Saturday, 1 September 2018

The Sham ID, called 'Aadhaar': Hoax of the Century

The Sham ID, called 'Aadhaar': Hoax of the Century
by Mathew Thomas

"Achche din is finally here", says the condemned man on the front cover of Mathew Thomas's book.

"Achhe din aane waale hain" was the campaign slogan of Narendra Modi's BJP party in India's 2014 election, "happy days are coming".

For years Mr Modi had opposed Aadhaar. Bad news. That's while he was in opposition. Then he became Prime Minister and now he's a fan. Happy days are here again.

"Stop! He has no Aadhaar card", says the lawyer on the front cover of Mathew Thomas's book.

The funny thing is, no-one does. There is no such thing as an Aadhaar card. Aadhaar cards are part of the extraordinary Indian delusion that is the subject of Mr Thomas's book.

UIDAI, the Unique Identification Authority of India, the people in charge of Aadhaar, have pulled off "the hoax of the century". Not only are there no Aadhaar cards, there is no unique identification either.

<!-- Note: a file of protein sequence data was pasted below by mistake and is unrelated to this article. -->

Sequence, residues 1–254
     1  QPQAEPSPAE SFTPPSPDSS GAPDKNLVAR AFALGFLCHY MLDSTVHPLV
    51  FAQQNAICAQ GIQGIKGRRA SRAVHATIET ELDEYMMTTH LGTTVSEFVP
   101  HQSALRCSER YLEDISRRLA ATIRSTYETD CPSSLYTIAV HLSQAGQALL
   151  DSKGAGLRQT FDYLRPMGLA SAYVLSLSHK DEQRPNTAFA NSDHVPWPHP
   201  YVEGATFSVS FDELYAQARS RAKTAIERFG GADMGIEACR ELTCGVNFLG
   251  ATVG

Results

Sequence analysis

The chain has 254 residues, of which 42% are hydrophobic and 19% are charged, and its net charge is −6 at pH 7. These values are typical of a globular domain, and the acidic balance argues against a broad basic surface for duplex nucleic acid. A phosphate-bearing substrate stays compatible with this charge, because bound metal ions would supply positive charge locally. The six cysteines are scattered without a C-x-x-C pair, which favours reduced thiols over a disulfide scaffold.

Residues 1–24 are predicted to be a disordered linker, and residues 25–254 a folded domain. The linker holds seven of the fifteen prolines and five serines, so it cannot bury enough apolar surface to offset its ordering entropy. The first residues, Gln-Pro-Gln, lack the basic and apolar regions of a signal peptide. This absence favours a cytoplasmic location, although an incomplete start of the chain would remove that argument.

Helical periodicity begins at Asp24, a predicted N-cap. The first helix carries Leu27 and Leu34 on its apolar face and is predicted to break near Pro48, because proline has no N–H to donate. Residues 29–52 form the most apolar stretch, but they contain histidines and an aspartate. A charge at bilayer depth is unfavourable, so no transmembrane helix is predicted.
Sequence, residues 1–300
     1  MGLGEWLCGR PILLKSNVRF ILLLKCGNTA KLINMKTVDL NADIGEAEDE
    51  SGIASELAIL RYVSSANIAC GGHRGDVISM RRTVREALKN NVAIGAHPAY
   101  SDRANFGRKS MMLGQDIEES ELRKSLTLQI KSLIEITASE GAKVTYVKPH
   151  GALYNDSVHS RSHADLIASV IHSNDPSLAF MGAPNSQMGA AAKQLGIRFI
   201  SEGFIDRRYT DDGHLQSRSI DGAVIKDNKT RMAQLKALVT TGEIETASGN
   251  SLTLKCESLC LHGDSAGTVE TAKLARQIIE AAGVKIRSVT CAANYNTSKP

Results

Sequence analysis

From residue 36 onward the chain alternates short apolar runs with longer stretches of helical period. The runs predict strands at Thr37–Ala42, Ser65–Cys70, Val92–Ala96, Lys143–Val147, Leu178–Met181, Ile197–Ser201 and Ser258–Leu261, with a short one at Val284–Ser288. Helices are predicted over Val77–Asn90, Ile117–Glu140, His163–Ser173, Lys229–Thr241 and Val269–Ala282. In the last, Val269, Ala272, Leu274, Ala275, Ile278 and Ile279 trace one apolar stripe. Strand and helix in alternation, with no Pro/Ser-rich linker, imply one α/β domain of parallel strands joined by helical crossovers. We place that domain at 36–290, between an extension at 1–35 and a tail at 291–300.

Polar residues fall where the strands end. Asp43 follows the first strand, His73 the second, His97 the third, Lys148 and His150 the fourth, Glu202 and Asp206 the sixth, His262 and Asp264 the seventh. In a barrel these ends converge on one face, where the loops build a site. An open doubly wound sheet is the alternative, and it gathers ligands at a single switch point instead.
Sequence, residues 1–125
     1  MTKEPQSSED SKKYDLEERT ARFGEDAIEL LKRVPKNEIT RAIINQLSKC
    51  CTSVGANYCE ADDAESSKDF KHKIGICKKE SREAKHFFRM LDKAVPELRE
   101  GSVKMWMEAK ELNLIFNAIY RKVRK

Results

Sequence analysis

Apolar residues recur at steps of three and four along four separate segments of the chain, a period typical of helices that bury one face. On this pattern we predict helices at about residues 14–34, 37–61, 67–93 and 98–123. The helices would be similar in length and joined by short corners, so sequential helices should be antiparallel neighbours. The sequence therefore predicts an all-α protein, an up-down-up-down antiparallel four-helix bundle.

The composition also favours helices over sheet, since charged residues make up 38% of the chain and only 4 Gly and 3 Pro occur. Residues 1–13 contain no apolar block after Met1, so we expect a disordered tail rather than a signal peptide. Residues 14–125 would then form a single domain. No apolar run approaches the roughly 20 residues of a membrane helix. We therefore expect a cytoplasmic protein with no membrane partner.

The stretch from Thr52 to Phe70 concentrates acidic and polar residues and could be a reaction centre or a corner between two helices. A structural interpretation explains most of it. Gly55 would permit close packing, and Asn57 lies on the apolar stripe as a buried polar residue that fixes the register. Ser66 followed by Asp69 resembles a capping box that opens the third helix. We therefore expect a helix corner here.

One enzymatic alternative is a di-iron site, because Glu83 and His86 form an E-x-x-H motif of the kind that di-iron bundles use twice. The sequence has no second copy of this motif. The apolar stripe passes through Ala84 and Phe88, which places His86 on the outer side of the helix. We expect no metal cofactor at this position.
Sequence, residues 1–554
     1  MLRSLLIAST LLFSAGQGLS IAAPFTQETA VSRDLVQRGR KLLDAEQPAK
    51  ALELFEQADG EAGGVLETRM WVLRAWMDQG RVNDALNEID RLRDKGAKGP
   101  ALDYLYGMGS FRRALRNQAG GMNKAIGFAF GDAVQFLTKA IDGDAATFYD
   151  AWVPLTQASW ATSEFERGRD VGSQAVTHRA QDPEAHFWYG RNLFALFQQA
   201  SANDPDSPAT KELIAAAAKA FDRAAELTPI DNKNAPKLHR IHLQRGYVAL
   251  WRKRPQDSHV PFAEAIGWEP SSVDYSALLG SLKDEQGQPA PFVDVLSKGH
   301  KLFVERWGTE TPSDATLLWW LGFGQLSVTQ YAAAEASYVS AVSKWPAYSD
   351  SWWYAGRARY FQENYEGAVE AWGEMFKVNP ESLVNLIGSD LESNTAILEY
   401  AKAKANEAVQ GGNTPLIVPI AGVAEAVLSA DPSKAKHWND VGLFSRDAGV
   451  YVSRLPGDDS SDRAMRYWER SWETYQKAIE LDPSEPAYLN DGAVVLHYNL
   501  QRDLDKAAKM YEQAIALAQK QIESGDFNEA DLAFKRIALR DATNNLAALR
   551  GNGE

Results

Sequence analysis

Aadhaar doesn't work. One big broken promise, it was meant to help the poor to claim state benefits and it doesn't. It can't.

The politicians know that. The civil servants know that. The media know that. So do the lawyers and so does everyone else. Not least because Mathew Thomas has spent 10 years or so patiently telling them.

And yet ...

... UIDAI goes from strength to strength.

Aadhaar was meant to be a voluntary scheme. First it morphed into being mandatory for state benefits and now it's trying to insert itself into more and more walks of life. You want a passport? Give us your Aadhaar number. You want a mobile phone? Give us your Aadhaar number. You want a bank account? Give us your Aadhaar number. Etc ...

What's going on?

It's baffling.

The politicians and the civil servants et al aren't stupid. And yet they connive in funding Aadhaar.

Alice in Wonderland? The emperor's new clothes? Tulipmania? Pick your metaphor. Whichever you choose, India is undeniably in the grip of some sort of of an extraordinary delusion, a nightmare from which it will finally wake up.

For years, India's Supreme Court has been hearing the tireless Mathew Thomas's cases asserting that Aadhaar is unconstitutional. The court is due to promulgate its latest decision soon. Independent of political parties and of business interests, the judges have the opportunity to rouse India from its slumbers, to say achhe din aane waale hain and to put an authoritative stop to this Aadhaar nonsense.

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